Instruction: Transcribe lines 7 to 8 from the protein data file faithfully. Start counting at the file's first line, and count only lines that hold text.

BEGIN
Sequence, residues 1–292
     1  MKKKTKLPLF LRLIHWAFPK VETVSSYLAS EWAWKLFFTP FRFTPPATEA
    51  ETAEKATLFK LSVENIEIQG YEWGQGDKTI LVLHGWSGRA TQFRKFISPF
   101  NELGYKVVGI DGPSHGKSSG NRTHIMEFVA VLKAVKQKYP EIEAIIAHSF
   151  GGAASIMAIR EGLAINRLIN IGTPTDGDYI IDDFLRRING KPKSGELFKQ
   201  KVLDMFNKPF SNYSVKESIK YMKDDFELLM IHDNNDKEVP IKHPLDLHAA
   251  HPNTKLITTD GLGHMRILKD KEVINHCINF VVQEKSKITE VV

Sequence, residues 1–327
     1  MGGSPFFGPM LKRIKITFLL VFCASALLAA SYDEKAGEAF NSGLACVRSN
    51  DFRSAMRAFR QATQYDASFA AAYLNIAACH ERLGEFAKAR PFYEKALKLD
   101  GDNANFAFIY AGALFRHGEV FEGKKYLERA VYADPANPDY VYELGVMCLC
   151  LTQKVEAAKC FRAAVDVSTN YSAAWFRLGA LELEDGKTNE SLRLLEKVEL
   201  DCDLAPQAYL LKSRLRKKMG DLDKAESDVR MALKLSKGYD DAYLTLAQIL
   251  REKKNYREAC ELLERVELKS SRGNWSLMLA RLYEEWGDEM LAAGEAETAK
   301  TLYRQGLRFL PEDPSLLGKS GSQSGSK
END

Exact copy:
   251  HPNTKLITTD GLGHMRILKD KEVINHCINF VVQEKSKITE VV

Sequence, residues 1–327